The one with the secret society

We (not the royal we, but the people I work with) have recently been through an office move. Lots of stickers on everything, drawers packed into boxes, shelves reassigned and a general state of upheaval. Whilst the office was being transformed I decided to employ by best attempts at channeling Sherlock Holmes in the search for a secret society I often hear reference to and have never found – they call themselves ‘the business’.

I must confess I wouldn’t want to be part of ‘the business’ because they are to blame for EVERYTHING. Anything and everything that people can’t or don’t want to do seems to be the fault of ‘the business’ so I can only think what a strange and dissociated bunch they must be…

Having worked in my current organisation for a little over 15 months I have never met anyone who claims to know or be part of ‘the business’ but yet some must be because something big enough and influential enough to block every kind of initiative and proposal, to ignore such great ideas and to general overlook everyone MUST have some members. Maybe it is so secret that people can’t even admit to being part of it?

Sorry? Everyone is WHAT? Everyone in the organisation is part of ‘the business’? This can’t be true! ‘The business’ ignores everything and everyone, doesn’t it?

Oh, it isn’t a secret society that no one can join? What do you mean it’s made of teams and groups and they are made up of individuals?! This can’t be right because that would mean that every individuals contribution makes up the actions of the business. That everyone has the opportunity however small to influence the business. That it is not a static thing that no one can alter but a dynamic thing made up of the collective efforts of all who are part of it. Well this really is quite strange…

OK, odd one-sided conversations aside, I often hear ‘the business’ being blamed for a lot of things and whilst I understand at times it’s difficult to influence a big complex organisation maybe, just maybe it’s not about one attempt and then futile resignation (possibly in both senses of the word). Surely if governments can be influenced by public opinion then organisations can be influenced by stakeholders – and if you don’t think you’re a stakeholder in your organisation then think again!

The next time you are about to blame ‘the business’ for something stop yourself, take a moment and ask yourself the following question,

“What could I do about it?”

  • It may be you need to talk to some other people and get them onboard with your idea
  • It may be you need to contribute to a meeting or forum where bigger more influential people will be listening
  • It may be you need to try something different and build consensus and influence on a positive result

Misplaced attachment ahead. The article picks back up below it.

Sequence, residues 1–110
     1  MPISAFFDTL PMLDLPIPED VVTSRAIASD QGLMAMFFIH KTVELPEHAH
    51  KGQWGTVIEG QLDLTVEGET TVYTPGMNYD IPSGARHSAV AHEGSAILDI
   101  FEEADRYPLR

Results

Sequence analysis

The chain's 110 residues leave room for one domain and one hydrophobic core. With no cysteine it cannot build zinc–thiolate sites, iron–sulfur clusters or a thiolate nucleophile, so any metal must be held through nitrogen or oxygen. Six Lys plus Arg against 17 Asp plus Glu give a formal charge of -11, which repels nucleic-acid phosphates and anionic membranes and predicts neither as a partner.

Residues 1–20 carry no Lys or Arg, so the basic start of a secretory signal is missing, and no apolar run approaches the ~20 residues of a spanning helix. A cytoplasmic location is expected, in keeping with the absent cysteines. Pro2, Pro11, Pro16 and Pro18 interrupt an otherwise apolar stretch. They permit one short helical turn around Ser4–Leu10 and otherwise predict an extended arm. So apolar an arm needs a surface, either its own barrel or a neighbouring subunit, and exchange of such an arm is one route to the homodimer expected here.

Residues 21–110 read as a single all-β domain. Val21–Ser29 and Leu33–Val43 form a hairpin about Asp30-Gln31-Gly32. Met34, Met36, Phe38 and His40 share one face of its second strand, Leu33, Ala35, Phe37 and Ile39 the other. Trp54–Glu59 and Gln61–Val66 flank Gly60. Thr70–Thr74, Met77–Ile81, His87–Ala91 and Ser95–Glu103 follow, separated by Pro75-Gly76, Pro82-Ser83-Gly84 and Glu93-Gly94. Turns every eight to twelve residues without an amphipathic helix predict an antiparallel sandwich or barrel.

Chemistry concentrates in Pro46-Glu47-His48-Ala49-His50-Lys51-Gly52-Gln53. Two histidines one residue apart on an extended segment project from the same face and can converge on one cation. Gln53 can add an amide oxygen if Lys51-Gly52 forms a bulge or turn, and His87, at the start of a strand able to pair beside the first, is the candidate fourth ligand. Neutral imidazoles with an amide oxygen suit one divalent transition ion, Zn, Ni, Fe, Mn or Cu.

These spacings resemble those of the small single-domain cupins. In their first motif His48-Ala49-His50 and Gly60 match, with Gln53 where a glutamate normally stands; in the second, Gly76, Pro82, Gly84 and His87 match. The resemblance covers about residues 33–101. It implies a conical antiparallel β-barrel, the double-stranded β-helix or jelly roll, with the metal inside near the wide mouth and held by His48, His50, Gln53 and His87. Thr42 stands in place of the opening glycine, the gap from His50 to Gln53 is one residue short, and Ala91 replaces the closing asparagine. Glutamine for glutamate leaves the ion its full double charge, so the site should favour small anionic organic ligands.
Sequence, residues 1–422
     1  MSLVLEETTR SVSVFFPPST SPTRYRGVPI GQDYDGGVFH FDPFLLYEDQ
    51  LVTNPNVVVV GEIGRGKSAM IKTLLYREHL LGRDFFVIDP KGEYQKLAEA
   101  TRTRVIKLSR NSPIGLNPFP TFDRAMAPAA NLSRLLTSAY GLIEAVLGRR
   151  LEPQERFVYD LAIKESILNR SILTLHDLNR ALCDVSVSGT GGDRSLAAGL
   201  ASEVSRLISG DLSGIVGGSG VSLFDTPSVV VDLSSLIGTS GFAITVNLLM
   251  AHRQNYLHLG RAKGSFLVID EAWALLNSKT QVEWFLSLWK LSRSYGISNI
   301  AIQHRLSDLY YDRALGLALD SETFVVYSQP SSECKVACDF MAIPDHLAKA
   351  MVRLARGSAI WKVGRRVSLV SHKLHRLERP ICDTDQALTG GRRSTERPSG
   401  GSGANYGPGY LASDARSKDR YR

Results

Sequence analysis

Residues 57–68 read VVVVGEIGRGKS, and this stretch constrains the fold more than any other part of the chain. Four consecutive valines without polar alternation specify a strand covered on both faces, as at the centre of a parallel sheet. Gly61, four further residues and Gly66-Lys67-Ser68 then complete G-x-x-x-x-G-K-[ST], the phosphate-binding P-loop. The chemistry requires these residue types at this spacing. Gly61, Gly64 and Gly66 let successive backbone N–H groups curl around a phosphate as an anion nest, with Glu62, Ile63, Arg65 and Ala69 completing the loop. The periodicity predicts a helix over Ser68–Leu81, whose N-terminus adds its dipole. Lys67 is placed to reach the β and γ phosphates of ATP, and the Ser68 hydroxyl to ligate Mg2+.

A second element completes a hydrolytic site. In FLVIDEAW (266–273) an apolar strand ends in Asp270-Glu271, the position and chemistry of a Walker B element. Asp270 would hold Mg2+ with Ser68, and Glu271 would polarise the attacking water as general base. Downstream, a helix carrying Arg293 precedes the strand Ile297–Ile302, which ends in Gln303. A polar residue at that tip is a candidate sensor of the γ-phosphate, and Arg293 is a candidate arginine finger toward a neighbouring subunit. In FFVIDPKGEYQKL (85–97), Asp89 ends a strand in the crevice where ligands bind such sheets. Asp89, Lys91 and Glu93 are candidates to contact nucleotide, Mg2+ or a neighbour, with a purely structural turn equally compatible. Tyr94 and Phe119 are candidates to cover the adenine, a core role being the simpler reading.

• It may be that you need to be brave and pluck up the courage to challenge someone in authority

Someone once said to me that if I didn’t vote in an election I gave up all right to complain about the activities of whomever won. Before you blame the business ask yourself if you voted…

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5 Comments

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5 responses to “The one with the secret society

  1. Was having a discussion yesterday that converges with this – an organisation that is reformatting from profit any way into ethics + transparency = sustainable profit. Each individual is part of the system and regardless of what the top lot. that lot over there, etc are up to, it’s about you, not any one else.

  2. I believe that when someone talks about “the business” in the way you describe it subtly confirms that persons view of their position as “servant-to-the-business”. Following orders, not challenging, stuck in the system… When that’s your position (rightly or wrongly) then you may be part of the organisation but you aren’t part of “the business” of that organisation. You’ve chosen to be that “servant-to-the-business”, nothing more than a mute provider. [BTW if we’re looking at secret society then there’s a real one for you right there!]

    So if that’s your position then I wonder whether the starting point is actually to question do you really want to be this “servant-to-the-business” or would you rather be a “partner-in-the-business”?

    The large majority of people “voted” to be in the organisation they are in and continue to maintain their “vote” until they depart, if not beyond. So understand what role you want to play and whether you want to make a positive difference for yourself & others. The choice is always yours!

  3. Great post, Rob. I just wrote a post on the use of metaphor which got me thinking about ‘the business’ you describe as a metaphor. Like the ideas of George Lakoff (http://www.youtube.com/watch?feature=player_embedded&v=S_CWBjyIERY) on framing and metaphor and how this might impact on how workers think of ‘the business’ as a result.

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